‘I understand it’s not about me’
New Board Member Chris D’Orso talks about his ambitions for HighEdWeb and his favorite conference memories
Earlier this fall, HighEdWeb elected Chris D’Orso, Associate Director of Undergraduate Admissions at SUNY Brockport, to a three-year term as a member of the Board of Directors, replacing outgoing member Jeff Stevens. In addition to his role on the board, D’Orso will serve as a liaison to the annual Accessibility Summit, as well as to the volunteer committee.
Like many HighEdWeb members, D’Orso first found this community not in person, but on Twitter. He was leading social media efforts for New York’s Stony Brook University at the time higher education social media was moving from “something the students do” to an essential aspect of enrollment marketing and constituent engagement efforts.
“For me, HighEdWeb was a godsend, because there were other people doing what I was doing,” says D’Orso, recalling his first HighEdWeb Annual Conference in Buffalo in 2013. “I was the only one on my campus doing social media at the time and it was so misunderstood. To be able to put some knowledge and some logic and substance behind (social media) really made quite a difference for me on every level.”
As the higher education social media landscape has evolved dramatically since 2013, HighEdWeb’s relevance and value to D’Orso’s work has only strengthened – and he wants to give back. After nearly a decade as a member, conference presenter, and volunteer, D’Orso is joining the HighEdWeb board this fall. In this conversation with Link, he shares his favorite HighEdWeb memories and what he hopes to achieve in his role as a board member.
Link: Tell me what you remember most about that first HighEdWeb conference you attended in Buffalo.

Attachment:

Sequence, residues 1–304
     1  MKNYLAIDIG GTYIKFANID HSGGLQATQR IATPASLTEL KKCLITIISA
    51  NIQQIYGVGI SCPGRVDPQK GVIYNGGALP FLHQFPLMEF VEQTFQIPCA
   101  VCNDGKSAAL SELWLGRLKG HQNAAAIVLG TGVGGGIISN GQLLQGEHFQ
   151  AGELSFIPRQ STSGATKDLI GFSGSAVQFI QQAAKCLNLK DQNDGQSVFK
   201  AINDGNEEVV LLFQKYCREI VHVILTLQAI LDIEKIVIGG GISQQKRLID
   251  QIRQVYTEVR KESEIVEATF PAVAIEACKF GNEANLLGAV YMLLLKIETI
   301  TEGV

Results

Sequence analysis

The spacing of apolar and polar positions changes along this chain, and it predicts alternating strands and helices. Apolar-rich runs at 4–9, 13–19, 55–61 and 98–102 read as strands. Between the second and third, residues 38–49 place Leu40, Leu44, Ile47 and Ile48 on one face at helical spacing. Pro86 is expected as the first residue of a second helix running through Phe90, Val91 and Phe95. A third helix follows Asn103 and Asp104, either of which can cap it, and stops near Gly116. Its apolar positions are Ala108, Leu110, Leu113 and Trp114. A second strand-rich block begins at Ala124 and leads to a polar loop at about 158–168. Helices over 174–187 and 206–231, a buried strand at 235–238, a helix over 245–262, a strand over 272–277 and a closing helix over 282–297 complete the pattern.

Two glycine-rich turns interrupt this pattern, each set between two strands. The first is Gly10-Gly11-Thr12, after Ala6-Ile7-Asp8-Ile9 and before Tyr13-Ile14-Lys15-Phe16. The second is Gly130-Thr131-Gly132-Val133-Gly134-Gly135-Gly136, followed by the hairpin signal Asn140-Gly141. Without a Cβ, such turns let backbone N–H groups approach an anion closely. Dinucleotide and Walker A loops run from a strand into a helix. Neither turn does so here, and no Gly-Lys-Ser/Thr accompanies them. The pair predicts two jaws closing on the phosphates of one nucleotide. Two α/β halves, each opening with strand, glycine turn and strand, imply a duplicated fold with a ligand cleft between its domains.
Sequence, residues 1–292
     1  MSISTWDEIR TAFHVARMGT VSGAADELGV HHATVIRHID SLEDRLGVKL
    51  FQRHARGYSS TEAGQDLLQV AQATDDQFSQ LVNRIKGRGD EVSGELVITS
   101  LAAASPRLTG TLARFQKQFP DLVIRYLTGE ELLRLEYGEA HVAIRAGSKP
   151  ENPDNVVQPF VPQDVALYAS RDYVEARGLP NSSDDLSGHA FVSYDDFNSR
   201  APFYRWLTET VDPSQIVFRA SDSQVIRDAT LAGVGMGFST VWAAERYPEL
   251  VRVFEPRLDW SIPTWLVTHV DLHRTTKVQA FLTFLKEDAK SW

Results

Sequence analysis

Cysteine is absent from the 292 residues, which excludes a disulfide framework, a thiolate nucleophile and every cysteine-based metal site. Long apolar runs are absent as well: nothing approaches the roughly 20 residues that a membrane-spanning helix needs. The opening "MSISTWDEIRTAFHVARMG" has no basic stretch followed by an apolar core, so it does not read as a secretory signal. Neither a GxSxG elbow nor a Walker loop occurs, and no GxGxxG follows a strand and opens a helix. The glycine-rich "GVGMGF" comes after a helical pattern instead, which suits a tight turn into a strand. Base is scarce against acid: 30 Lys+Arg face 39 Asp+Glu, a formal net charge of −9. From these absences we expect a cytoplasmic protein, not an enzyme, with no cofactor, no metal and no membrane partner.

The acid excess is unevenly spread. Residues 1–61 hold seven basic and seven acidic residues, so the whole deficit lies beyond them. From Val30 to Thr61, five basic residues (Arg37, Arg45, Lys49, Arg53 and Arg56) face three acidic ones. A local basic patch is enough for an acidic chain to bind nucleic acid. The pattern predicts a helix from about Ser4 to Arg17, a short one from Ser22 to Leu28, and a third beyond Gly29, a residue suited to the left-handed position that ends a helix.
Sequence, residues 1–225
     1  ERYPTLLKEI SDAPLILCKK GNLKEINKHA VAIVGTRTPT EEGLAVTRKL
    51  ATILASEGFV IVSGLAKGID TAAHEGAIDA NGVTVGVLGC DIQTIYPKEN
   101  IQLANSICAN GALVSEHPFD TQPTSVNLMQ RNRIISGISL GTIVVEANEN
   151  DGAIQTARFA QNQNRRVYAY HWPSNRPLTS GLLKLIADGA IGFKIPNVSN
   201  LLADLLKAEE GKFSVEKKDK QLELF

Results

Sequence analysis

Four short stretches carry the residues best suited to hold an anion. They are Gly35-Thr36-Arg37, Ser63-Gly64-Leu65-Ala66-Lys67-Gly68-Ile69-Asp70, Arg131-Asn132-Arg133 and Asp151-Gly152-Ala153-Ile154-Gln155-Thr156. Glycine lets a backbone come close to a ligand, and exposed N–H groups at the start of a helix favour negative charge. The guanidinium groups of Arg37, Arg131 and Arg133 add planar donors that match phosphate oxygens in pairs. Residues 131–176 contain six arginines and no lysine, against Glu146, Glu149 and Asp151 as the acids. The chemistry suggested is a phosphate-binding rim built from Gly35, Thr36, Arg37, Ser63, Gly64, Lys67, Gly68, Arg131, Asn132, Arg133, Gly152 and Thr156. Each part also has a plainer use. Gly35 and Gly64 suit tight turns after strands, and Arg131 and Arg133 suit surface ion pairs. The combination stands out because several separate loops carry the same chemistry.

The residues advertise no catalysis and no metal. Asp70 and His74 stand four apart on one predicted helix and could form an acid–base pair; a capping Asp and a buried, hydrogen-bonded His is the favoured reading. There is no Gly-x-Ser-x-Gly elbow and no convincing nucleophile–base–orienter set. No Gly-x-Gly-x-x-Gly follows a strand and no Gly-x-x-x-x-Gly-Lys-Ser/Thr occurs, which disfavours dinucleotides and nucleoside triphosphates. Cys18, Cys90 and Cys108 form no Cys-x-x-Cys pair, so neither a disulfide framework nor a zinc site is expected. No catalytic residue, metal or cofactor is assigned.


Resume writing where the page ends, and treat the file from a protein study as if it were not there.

Chris: I was following folks who were HighEdWeb folks on Twitter – it was this whole online community of people who I knew, but obviously hadn’t met in person. My favorite Buffalo moment of the conference was one of the welcome events, when I saw Robin Smail from Penn State. I was like, “It’s Robin, I know her from the internet!” She turned as I approached and said “Chris!” before I even had a chance to introduce myself. It was a realization that all these people I was communicating with, they were real people. That was a really cool thing.
Link: Is there a HighEdWeb conference presentation – yours or someone else’s – that you always go back to?
Chris: Is it hokey to say it’s your own presentation? I feel like the session that we won the Red Stapler for in Sacramento in 2018 (“Can You Do It In The Dark? Making Your Social Media Accessible,” with Justin Romack, assistive technology coordinator at Texas A&M) was lifechanging for me on so many levels. The topic – accessibility and social media – hadn’t been covered in as plain-language a way as we wanted to cover it. It opened so many people’s eyes, including mine, to the fact that the way that you – the general you, the specific you – use social media is not the way everybody does. It’s really easy to be caught up only in what you know.